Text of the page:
The Forgotten Students? How DACA Affects our Non-Black Students
We talk and write about our African American students a lot. We focus on the city’s racial and cultural shifts over the last 17 years, our kids’ overexposure to trauma and violence, their impoverished communities and other challenges faced and how our city’s faulty educational system tries to address them. Little time is spent addressing the needs of our students who aren’t African American. I, too, am guilty of this.
In the wake Donald Trump’s insensitive attempts to do away with DACA (Deferred Action for Childhood Arrivals program), I can’t help but think of the many faces I see on a daily basis who are already struggling with trying to navigate the American system and learn the English language. It does not come easily, but they work hard to push past the language and cultural barriers to adapt.
There are two occurrences that make this decision particularly difficult to stomach outside of the bare fact that it’s just insensitive:
- This is an act that was introduced under the Obama administration, and it definitely appears that Trump is motivated to undo any and everything that Obama has instituted.
- Trump has yet to end his tirade of verbal abuse on any human beings other than those who resemble him, so the idea of placing a stamp on something that would further alienate and eliminate groups seems just right for this president.
During a roundtable discussion in Chicago, U.S. Rep. Bill Foster, D-Naperville stated, “Not only is this decision a cruel one that will have a devastating impact on the lives of nearly 800,000 young people — 42,000 in Illinois alone who have benefited from the DACA program — it will also greatly harm our economy.” Foster said studies suggest the DACA recipients add $460 billion in economic impact to the nation’s Gross Domestic Product.
Not only are we, as disenfranchised African Americans sold the American dream, but so are immigrants. However, while we are born into it, they travel to seek and maximize it, often faced with the decision to cut their education short by joining the workforce to financially support their families; as s study from Pew Hispanic Research Center reported:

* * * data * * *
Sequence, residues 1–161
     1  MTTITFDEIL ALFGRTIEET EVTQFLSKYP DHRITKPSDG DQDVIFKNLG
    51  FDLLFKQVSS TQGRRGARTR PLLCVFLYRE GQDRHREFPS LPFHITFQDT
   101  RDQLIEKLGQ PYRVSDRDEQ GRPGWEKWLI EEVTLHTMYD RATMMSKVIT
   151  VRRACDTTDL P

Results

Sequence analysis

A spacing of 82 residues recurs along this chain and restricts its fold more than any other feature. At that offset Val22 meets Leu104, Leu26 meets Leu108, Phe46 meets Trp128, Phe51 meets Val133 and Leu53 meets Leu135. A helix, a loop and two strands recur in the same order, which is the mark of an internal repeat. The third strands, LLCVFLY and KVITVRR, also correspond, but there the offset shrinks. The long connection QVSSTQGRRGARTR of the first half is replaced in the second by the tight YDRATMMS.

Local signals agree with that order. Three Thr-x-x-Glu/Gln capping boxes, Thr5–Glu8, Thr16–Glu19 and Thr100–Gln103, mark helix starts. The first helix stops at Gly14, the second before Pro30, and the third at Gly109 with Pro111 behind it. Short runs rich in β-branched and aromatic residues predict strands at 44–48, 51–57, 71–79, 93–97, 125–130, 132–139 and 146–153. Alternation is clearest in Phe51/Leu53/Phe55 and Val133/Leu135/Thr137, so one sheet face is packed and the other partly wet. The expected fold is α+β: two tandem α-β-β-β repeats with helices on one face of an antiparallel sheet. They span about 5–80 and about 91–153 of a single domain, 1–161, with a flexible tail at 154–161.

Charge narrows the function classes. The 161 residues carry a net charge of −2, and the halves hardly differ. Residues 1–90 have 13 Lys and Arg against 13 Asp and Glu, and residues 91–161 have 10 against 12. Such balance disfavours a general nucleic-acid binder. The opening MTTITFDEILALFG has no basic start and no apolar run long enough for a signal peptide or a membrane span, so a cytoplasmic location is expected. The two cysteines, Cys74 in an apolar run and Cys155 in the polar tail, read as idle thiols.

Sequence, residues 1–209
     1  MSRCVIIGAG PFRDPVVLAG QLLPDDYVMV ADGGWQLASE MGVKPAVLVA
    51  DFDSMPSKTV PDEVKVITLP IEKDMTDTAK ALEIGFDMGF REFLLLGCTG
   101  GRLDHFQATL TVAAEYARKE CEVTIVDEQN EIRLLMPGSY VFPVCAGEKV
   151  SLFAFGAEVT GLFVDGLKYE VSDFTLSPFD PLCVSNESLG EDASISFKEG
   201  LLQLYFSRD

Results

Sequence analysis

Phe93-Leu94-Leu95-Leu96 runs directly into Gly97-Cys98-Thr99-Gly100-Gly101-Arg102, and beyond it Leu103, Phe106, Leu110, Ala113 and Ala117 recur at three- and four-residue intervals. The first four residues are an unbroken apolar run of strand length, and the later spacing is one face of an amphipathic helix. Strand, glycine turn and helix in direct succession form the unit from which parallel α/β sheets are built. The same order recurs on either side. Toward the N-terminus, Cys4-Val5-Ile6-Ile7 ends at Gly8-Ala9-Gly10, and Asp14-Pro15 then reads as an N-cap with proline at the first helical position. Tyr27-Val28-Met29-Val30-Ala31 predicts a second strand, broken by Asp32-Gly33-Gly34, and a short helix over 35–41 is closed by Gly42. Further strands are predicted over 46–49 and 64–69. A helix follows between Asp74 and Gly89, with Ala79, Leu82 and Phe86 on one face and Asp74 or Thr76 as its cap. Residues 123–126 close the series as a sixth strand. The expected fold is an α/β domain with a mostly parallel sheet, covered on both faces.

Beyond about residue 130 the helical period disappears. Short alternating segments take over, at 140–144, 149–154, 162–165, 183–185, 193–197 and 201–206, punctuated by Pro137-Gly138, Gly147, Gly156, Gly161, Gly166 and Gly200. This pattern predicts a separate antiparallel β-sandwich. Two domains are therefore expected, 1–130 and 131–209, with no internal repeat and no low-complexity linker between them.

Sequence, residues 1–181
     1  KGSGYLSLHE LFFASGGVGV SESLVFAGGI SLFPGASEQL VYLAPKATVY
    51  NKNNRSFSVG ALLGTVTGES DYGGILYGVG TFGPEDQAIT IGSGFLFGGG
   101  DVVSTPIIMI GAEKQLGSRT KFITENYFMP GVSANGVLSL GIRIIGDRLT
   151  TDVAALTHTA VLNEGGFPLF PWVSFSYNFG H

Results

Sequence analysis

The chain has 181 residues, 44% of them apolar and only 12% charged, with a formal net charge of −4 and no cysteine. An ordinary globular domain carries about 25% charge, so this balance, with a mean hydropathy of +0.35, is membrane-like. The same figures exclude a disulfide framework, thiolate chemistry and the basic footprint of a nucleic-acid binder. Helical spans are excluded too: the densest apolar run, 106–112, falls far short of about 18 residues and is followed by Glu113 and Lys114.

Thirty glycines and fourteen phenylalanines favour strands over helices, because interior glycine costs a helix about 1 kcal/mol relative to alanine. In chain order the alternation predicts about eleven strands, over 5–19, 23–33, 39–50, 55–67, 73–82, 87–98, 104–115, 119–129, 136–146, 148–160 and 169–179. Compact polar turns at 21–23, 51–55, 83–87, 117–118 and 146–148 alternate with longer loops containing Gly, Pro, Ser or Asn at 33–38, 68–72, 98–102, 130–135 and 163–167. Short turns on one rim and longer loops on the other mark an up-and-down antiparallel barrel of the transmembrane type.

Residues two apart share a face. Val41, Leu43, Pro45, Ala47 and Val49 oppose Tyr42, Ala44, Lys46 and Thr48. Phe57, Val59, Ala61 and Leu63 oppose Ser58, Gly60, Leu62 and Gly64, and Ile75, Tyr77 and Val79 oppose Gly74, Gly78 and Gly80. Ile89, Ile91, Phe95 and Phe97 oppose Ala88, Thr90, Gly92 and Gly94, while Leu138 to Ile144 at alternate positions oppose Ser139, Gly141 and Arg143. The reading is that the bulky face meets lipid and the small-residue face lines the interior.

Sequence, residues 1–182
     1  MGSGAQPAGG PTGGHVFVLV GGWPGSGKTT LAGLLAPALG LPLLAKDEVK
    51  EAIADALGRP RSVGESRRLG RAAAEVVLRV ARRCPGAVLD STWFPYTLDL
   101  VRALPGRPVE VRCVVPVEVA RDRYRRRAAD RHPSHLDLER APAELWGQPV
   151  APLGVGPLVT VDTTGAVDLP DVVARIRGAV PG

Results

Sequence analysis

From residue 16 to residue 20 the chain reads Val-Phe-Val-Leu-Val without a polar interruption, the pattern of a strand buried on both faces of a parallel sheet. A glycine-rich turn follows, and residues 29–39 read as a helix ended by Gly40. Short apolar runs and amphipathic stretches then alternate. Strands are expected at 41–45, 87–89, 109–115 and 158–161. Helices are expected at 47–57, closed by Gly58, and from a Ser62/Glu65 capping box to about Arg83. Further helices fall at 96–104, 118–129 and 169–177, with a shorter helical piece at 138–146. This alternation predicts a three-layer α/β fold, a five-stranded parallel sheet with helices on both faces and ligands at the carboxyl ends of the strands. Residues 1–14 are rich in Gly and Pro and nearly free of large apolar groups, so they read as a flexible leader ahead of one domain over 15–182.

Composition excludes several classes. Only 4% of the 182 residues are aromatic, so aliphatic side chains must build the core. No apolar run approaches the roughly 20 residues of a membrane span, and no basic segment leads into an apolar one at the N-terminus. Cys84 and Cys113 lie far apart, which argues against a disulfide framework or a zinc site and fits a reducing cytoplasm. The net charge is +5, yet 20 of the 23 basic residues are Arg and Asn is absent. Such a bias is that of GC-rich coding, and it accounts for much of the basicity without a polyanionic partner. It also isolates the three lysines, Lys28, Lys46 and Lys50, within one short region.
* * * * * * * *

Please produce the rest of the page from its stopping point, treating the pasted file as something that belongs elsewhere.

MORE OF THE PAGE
Nearly three-quarters (74%) of all 16- to 25-year-old survey respondents who cut their education short during or right after high school say they did so because they had to support their family. Other reasons include poor English skills (cited by about half of respondents who cut short their education), a dislike of school and a feeling that they don’t need more education for the careers they want (each cited by about four-in-ten respondents who cut their education short)
There is no denying that there have been perceptions and concerns about immigration that have made many Americans feel uneasy. Gaby Wood expressed in her op-ed in The Guardian, “Somehow, my nationality has become a dirty word. If you say “Mexican” in America, you are not referring to the citizens of a specific country, you are using a blanket derogatory term for “people who came out of nowhere and took our jobs.”
This is a common sentiment that is shared among our diverse immigrant population. Being privileged to work with many immigrant students and their families on a day-to-day basis, my heart breaks for them. Especially for the children who lack understanding and as an American with identity markers that makes me, too, a target for discrimination.
Now that the fate of DACA rests with Congress, call your federal delegation and share your opinion. Click here to find your Congress representative.